As for our car – well, it turned out to need $4000 in repairs. This is NOT what we wanted to hear in January, the month where we pay all of our out-of-pocket medical for the year.. We ended up approving the repairs, but have also decided that it’s time to sell that car and drive something more affordable to repair. And maybe once that car’s sold and our tax return comes back and things are a bit more stable, we can revisit the idea of having a practical car for me to drive in Seattle while leaving Brian with a practical car to drive here.

None of this excitement has done much to hinder Patrick, though. Despite being sick and grumpy and working to breathe, he is still growing up more and more every day. A week ago, I took a load of laundry downstairs. When I came upstairs I discovered Patrick halfway across the kitchen floor. He had dragged his IV pumps in their backpack by the tubing a good 4 feet trying to follow me downstairs. The next day we invented a safer way for him to get around.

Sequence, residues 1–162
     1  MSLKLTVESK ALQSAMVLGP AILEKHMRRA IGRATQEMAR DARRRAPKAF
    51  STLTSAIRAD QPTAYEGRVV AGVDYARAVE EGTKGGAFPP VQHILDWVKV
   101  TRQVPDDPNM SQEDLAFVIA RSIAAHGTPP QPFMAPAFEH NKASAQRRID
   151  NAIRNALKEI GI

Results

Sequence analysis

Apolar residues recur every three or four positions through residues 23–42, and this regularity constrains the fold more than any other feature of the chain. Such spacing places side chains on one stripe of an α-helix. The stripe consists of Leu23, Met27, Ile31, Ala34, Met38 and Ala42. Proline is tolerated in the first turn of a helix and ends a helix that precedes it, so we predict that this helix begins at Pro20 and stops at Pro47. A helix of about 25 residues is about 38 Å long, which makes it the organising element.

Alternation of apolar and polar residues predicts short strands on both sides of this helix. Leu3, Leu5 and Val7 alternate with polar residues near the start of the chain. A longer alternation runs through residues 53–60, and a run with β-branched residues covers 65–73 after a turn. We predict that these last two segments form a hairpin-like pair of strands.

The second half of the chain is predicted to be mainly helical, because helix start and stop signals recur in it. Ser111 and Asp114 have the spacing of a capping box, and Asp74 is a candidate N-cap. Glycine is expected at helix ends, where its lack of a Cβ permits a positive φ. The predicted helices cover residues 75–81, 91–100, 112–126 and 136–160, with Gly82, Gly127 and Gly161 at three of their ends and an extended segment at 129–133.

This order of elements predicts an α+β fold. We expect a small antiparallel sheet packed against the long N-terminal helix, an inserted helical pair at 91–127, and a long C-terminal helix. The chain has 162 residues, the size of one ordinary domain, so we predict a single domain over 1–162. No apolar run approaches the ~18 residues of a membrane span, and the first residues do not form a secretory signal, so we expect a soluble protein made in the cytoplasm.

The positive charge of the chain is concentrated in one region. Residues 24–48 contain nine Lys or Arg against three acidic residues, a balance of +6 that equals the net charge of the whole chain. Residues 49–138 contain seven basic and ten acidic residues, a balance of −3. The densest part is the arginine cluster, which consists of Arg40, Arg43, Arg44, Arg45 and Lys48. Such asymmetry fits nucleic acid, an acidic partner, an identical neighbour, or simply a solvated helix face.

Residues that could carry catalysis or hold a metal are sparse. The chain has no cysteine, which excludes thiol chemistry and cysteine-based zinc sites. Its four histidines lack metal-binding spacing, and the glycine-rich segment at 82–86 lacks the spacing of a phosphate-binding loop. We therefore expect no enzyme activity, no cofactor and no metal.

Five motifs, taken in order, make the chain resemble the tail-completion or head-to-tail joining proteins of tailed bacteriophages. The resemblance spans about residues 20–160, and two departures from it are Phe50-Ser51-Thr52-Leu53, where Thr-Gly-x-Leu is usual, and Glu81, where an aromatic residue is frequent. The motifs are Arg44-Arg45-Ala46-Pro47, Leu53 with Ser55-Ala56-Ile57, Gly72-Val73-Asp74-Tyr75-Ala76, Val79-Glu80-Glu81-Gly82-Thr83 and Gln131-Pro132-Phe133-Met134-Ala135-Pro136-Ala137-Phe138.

Now when Patrick’s playing on the floor he wears a safety harness connected to a little cart that his backpack sits in. This way, he can get around the house without as high of a risk of ripping his central line out. He’s enjoying exploring how far he can go, and getting faster all the time! The funniest thing is how much he loves being under furniture. I’m amazed at all the places I find him. (And have to subsequently save him from.. because he gets his tubes and harness tied all around the furniture legs).

He also spent most of his last hospitalization improving his standing skills and he now dares stand himself up to some furniture and can walk around a big holding on… especially in his crib.